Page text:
“What that would possibly mean is that the commission would meet … and they would have a vote on whether or not to redo the rate request that the company had requested.”
Burns said it may take as little as 25 signatures or letters from affected people to at least send the matter back to the commission, but added that he was still researching the issue.
The hike means additional $94 million in revenue for APS, which has seen its stock jump 50 percent the past two years.
As a regulated monopoly, Arizona Public Service is allowed a fair rate of return on its capital costs. Burns noted that when the utility provided its costs and they were reviewed by the commission staff and the panel’s ratepayer advocate, both came out with recommendation for no increase or a reduction.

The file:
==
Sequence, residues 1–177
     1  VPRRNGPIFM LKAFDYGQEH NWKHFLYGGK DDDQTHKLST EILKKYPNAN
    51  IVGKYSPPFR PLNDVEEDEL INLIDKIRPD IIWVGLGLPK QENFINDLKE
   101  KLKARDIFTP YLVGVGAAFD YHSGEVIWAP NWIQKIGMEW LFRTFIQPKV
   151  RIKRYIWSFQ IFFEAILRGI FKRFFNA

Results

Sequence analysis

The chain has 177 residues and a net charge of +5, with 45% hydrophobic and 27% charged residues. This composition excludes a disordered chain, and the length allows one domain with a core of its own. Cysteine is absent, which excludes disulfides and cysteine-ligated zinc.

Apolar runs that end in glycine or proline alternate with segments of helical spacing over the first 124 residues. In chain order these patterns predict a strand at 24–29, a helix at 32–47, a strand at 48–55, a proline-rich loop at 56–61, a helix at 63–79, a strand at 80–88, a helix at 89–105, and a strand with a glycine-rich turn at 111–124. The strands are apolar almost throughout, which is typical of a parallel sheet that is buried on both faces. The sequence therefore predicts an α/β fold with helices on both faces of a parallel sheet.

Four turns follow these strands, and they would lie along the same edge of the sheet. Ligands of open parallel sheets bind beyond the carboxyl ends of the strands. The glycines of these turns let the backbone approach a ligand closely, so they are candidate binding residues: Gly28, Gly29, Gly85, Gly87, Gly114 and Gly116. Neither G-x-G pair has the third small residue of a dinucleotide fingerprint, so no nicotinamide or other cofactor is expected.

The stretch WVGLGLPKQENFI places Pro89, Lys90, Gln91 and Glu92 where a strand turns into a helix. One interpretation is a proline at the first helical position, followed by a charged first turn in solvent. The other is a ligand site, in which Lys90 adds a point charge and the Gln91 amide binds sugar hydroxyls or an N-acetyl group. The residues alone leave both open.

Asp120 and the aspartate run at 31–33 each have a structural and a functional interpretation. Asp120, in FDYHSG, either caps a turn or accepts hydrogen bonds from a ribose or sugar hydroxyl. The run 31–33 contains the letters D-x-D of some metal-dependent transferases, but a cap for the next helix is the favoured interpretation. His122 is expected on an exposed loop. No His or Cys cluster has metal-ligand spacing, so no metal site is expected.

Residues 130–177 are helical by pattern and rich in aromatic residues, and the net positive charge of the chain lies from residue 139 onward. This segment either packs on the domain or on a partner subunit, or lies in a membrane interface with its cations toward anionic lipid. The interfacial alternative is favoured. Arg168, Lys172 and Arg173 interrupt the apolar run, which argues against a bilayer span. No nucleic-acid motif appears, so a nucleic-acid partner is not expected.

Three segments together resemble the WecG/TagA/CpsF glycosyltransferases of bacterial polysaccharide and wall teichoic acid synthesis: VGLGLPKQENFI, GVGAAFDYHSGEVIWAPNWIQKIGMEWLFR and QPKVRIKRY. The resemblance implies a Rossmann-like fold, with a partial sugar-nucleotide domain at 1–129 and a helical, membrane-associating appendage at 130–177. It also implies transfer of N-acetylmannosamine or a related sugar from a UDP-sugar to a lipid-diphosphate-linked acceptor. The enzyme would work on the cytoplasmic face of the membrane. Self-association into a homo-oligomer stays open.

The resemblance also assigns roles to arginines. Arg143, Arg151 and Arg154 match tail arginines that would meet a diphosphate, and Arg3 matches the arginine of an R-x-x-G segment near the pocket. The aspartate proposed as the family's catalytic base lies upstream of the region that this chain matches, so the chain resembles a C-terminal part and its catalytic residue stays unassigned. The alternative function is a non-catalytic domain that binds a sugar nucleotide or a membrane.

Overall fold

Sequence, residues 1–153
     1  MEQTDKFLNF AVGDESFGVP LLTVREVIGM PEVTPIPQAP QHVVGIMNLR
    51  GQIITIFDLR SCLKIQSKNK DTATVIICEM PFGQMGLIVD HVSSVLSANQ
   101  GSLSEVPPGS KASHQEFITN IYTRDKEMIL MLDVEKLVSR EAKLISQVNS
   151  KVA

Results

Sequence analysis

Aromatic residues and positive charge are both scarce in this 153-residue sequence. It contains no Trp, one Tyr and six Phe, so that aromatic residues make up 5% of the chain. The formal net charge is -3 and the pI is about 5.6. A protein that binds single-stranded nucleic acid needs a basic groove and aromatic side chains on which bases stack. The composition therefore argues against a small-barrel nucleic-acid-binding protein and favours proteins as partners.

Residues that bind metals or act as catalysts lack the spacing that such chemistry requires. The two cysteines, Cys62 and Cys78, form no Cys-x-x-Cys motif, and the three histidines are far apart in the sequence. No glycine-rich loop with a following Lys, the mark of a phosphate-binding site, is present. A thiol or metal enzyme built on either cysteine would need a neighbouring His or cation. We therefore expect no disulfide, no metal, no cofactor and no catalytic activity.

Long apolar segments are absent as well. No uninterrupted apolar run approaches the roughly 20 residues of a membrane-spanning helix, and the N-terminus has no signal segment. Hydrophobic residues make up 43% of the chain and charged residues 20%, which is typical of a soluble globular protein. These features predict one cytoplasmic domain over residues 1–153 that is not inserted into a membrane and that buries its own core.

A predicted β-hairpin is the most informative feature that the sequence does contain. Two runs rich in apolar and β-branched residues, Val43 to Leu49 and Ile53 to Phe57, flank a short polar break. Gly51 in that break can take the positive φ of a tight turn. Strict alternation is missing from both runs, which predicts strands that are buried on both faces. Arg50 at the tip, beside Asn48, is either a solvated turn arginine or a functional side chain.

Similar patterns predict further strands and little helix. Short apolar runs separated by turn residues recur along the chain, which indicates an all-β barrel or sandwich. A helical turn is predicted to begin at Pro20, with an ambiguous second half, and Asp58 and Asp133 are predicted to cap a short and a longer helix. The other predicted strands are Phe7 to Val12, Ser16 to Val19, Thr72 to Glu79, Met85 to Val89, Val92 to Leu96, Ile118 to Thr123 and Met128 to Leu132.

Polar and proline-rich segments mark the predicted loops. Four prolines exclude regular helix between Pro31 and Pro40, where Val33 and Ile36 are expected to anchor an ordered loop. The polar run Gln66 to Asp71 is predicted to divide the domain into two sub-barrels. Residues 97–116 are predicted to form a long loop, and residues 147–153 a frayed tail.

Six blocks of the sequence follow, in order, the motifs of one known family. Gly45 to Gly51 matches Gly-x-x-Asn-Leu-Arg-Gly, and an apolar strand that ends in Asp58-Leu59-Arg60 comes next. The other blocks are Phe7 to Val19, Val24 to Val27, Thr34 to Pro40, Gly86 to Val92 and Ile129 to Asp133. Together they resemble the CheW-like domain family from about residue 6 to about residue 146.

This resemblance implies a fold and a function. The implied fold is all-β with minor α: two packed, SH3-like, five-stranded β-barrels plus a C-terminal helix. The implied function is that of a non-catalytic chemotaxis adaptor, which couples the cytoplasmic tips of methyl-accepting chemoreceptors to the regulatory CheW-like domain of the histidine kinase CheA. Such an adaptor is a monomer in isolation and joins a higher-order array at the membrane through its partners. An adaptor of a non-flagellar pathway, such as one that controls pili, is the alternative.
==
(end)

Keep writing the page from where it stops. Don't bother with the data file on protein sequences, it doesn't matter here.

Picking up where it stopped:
Burns also said he was off-put by APS’ heavy spending on political campaigns, which was revealed after he subpoenaed the company.
“I wanted information from the 2014 election cycle because APS was perceived to have spent $3.2 million in the election for two seats on the commission,” he said. “I think that needs to be public.”
The Associated Press contributed to this report.